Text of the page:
Convinced that Christ’s death effectively accomplished the salvation of his elect, a vast number beyond comprehension (see Revelation 7), I believe that it is errant to conclude 1 Corinthians 8:11 is a proof text for general or unlimited atonement. Rather, it is one of many verses that articulate a view of Christ’s death that is personally connected to a people the father gave him before the foundation of the world (cf. John 17). But instead of making a theological case, let’s consider the context of 1 Corinthians 8 to see what Paul says and how his language informs this theological debate. Continue reading

Calvinism in Context: Psalm 106:6–12

red seaThen they believed his words; they sang his praise.
— Psalm 106:12 —

Speaking of the law (Hebrews 10:1), the festivals and the Sabbath (Col 2:19), the New Testament regularly understands God’s redemption in Israel as a “shadow” or “type” of the redemption procured by Jesus Christ. In Luke 9:31, for instance, Jesus discusses his “departure” (read: “exodus,” exodon) with Moses and Elijah. Truly all the saving events of the Old Testament prefigure the saving events of the New.

Psalm 106 is no different. In that glorious Psalm, the author remembers the work of God to save Israel from Egypt. Running like a thread through the Psalm is the sin of Israel (e.g., vv. 6, 13, 21, 24-25, 28, 39, etc.), followed by the grace of God to save (vv. 10, 23, 30, 44-46).

More particularly, when the people sinned God sent a mediator. In Egypt, it was Moses; at Baal-Peor, it was Phineas. Even in Psalm 105, we discover God saved his people through the previous “sending” of Joseph to Egypt. In truth, God demonstrates his love for Israel, in that while they were still sinning God sent Joseph, Moses, and Phineas to “save” his people from destruction. In this way, Psalm 105 and 106 foreshadow the kind of salvation God would ultimately give in Jesus Christ.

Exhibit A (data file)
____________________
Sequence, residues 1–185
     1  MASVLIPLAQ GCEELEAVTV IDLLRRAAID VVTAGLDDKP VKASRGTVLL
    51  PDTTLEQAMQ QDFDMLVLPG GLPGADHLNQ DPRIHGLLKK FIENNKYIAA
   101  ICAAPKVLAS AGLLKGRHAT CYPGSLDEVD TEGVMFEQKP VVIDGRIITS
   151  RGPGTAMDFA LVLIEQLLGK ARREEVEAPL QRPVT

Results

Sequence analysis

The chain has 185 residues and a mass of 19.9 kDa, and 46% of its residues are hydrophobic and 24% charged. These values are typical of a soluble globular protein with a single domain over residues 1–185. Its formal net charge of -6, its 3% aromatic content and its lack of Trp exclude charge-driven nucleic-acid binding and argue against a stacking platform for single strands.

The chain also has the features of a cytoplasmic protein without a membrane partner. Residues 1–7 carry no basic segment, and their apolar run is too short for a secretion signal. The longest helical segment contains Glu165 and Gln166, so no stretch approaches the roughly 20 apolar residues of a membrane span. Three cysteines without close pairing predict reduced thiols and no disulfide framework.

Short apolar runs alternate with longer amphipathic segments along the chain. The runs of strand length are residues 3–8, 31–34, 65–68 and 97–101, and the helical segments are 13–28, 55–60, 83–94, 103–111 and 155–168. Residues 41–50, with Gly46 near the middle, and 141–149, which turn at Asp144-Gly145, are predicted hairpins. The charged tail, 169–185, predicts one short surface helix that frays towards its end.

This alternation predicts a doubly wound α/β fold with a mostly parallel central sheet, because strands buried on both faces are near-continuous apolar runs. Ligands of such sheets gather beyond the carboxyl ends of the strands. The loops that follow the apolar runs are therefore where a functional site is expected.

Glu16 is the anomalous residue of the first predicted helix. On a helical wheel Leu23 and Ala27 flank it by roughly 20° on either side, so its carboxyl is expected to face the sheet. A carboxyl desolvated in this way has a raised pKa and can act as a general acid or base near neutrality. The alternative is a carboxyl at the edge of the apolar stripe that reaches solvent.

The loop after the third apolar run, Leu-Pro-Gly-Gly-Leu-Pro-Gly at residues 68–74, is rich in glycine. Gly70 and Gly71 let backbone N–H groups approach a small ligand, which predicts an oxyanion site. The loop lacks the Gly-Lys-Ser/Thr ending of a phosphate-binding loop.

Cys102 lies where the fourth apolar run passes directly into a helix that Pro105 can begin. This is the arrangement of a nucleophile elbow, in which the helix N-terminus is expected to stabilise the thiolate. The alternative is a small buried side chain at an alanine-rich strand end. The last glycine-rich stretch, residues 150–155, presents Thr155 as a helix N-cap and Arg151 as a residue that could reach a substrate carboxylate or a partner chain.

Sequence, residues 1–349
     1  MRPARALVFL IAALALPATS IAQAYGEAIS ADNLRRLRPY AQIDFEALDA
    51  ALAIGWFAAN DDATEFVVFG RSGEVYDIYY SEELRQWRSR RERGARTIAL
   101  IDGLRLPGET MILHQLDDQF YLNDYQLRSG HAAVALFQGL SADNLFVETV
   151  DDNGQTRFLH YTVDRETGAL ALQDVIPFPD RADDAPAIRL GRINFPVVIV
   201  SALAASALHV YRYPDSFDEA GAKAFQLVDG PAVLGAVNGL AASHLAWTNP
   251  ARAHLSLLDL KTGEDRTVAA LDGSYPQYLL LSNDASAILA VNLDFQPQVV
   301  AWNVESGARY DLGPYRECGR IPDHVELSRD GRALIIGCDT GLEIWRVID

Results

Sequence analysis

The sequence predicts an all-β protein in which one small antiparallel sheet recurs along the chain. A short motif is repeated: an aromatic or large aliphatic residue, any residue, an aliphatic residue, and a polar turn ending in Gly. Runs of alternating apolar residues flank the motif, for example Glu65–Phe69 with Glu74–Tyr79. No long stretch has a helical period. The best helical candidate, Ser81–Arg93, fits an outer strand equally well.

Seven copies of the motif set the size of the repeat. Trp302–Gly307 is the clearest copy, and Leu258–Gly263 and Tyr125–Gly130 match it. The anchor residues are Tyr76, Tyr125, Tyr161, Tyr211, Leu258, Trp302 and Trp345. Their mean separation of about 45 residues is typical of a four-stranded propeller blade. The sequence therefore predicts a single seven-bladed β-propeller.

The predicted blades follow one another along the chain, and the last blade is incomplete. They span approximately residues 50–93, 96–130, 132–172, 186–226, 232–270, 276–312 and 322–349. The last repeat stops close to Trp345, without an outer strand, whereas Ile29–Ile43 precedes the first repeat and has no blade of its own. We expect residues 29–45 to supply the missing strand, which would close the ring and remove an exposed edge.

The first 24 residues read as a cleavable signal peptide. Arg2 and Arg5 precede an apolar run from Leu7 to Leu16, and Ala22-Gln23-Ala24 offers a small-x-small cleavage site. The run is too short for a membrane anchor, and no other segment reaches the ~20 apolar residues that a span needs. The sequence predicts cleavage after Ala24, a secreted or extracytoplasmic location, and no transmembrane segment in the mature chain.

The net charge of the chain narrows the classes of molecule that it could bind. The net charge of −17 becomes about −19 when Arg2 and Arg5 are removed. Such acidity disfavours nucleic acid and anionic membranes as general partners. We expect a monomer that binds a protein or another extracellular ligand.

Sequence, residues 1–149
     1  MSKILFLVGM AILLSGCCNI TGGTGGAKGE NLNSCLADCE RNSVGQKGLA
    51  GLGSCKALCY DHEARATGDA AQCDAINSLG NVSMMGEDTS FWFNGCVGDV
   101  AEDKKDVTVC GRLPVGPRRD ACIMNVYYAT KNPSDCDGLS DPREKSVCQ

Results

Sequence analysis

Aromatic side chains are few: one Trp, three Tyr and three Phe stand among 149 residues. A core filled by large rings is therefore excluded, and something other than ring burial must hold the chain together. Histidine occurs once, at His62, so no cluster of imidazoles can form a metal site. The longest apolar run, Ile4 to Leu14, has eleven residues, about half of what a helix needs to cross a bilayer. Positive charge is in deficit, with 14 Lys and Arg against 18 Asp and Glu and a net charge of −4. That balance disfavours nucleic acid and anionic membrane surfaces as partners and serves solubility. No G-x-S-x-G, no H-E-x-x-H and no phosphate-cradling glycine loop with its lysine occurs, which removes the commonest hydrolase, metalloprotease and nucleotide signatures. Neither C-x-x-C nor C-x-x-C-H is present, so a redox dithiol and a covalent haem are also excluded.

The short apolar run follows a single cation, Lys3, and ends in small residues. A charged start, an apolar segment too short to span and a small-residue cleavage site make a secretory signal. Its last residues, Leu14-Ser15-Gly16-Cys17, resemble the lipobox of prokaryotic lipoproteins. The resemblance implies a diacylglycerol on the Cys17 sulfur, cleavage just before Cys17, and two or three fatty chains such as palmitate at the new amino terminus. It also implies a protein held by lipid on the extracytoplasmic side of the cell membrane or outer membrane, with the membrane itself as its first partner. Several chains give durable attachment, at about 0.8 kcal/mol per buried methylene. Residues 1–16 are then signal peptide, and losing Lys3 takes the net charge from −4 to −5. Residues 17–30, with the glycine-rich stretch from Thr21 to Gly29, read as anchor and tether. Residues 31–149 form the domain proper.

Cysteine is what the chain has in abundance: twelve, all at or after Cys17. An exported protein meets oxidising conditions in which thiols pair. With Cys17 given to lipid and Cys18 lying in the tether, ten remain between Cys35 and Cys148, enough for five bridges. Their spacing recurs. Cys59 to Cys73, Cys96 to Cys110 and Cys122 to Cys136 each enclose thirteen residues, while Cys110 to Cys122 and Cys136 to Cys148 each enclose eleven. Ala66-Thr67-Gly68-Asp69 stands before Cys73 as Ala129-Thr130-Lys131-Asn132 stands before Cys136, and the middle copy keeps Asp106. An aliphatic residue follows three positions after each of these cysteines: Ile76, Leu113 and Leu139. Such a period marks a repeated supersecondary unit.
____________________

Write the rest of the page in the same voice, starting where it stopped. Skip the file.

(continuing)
In fact, situated as the final Psalm in the fourth book of the Psalter, Psalm 106 perfectly sets up the culminating redemption anticipated in Book V of the Psalter. The God who reigns (see Pss 90–99), will accomplish salvation once and for all, by sending his final mediator, his own son, to bring salvation to his people.

Psalm 106: A Pattern of Regeneration 

Narrowing our focus, Psalm 106 foreshadows Christ’s work of redemption and specifically the doctrine of effectual calling, with regeneration preceding faith. While not speaking of “regeneration”, the movement from depravity, to redemption, to faith in Psalm 106 is instructive.  Continue reading

For Your Edification (5.25.12)

For Your Edification is a bi-weekly set of resources on the subjects of Bible, Theology, Ministry, and Family Life.  Let me know what you think or if you have other resources that growing Christians should be aware.


Training Parrots or Making Disciples?  In his pastoral epistles to Timothy, Paul says that his son in the faith should rightly divide the word of truth (1 Tim 2:15).  Later, Timothy is exhorted to pass on all that he learned from Paul to the next generation of teachers and Christian leaders (2 Tim 2:2).  To say it another way, in order for maturing disciples to pass on the faith to future generations, they must learn how to handle God’s Word and not just parrot answers from other talking heads.